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Fiona knocks out power and washes away homes in Atlantic Canada

Fiona washed homes out to sea, ripped off roofs from others and knocked out power to most of two Canadian provinces as it struck as a major, powerful post-tropical cyclone before dawn on Saturday.

Fiona Changed from hurricane It entered the tropical storm late Friday, but it still had hurricane-force winds and brought drenching rain and huge waves. No casualties or injuries confirmed.

North-Tropical Storm Fiona is one of the largest storms in Canada to make landfall in Nova Scotia.
Vehicles overturned after trees and downed power lines blocked the road after post-tropical storm Fiona hit Reserve Mines in Nova Scotia on Cape Breton Island, Canada, on September 24, 2022.

Drew Angerer/Getty Images


The city of Channel-Port aux Basques on the southern coast of Newfoundland was hit by sea waves, where the entire structure was swept into the sea. Mayor Brian Button said on social media Saturday that people were being moved to higher ground after the wind downed power lines.

“I see houses in the ocean. I see debris floating everywhere. It’s completely and utterly destroyed. There’s an apartment gone,” Rene J. Roy, a resident of Channel-Port aux Basques and editor-in-chief of Wreckhouse Press, said in a phone interview.

Roy estimated that eight to 12 houses and buildings were swept into the sea. “It’s pretty scary,” he said.

Jolene Garland, spokeswoman for the Royal Canadian Mounted Police in Newfoundland and Labrador, said a woman is safe and in “good health” after being “thrown into the water by a house collapse” in the Channel-Port aux Basques area. Garland said the person who was swept away was still reported missing and high winds were hampering aerial searches.

The Royal Canadian Mounted Police said the town of 4,000 people was under a state of emergency as authorities battled several electrical fires and residential flooding.

Prime Minister Justin Trudeau canceled a trip to Japan to attend the funeral of former Prime Minister Shinzo Abe. Trudeau said the federal government would deploy the Canadian Armed Forces to help.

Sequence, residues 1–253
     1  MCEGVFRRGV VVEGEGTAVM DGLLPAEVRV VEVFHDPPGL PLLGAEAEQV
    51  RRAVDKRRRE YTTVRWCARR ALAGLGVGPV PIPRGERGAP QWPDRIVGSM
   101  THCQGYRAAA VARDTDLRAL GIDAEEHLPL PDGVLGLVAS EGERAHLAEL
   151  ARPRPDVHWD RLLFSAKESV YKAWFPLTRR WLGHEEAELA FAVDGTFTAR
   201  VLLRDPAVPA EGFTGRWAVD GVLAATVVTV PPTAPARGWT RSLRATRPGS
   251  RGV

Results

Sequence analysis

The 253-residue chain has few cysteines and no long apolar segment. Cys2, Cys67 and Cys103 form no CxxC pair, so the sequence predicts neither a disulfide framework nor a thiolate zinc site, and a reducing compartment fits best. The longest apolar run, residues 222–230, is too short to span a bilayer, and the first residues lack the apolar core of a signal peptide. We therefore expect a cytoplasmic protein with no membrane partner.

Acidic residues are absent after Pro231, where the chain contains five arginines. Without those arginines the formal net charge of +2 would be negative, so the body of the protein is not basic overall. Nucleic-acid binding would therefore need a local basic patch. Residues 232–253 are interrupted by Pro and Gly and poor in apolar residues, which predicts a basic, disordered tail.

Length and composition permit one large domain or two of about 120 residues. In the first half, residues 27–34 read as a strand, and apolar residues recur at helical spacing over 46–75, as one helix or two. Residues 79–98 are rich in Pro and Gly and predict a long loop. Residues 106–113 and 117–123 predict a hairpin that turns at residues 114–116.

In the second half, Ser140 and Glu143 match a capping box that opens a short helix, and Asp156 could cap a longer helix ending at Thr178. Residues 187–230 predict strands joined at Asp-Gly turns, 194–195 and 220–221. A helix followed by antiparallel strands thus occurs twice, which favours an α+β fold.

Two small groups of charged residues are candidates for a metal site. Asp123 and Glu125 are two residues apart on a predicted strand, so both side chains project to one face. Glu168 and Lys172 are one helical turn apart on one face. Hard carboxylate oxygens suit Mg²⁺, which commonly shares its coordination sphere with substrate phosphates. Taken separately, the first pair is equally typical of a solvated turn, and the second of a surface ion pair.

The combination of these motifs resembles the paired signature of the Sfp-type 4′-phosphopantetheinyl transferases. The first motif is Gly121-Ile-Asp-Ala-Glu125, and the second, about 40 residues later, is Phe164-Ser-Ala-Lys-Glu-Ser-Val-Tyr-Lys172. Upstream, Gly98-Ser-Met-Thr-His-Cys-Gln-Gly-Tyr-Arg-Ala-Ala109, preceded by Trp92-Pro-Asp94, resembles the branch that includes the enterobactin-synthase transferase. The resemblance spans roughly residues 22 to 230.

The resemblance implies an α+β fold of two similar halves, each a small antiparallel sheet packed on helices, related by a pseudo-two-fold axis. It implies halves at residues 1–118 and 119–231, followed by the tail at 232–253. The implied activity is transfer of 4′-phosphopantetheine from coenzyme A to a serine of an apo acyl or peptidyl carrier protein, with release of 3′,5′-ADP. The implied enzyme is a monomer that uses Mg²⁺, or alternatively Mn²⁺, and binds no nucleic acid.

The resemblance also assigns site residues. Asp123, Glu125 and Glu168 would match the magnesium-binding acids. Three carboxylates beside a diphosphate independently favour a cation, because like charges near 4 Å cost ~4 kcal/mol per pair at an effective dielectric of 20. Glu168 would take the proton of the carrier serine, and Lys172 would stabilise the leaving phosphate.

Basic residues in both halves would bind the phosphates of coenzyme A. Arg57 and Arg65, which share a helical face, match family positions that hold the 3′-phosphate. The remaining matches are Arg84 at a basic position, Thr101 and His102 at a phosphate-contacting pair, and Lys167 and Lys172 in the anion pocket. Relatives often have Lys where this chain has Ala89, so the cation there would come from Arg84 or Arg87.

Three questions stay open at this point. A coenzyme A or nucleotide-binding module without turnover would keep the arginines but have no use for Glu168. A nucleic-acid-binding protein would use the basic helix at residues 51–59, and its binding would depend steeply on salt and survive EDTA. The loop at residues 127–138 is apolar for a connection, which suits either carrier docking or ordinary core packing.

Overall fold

“We’re seeing devastating images coming out of Port aux Basques. PEI (Prince Edward Island) has unprecedented storm damage. Cape Breton has also been hit hard,” Trudeau said.

“Canadians are thinking of all those affected by Hurricane Fiona, which is having a devastating impact in the Atlantic Provinces and eastern Quebec, particularly in the Magdalen Islands. There are people who see their homes destroyed, people who are very worried – we will be there. For you.”

Fiona weakened to tropical storm strength Saturday evening as it moved through the Gulf of St. Lawrence. The US National Hurricane Center said Fiona had sustained winds of 70 mph (110 km/h). It was centered about 80 miles (130 kilometers) northwest of Port aux Basques and moving northeast at 8 mph (13 kph). Tropical-storm-force winds extend outward up to 550 miles (890 km) from the center.

“Gradual weakening is expected over the next few days,” the NHC wrote.

Halifax Mayor Mike Savage said the roof of the apartment building collapsed and moved 100 people to an evacuation center. He said no one was seriously injured or killed. Provincial officials said there were other apartment buildings that also sustained significant damage. About 160 people have been displaced from two apartments in Halifax, officials said.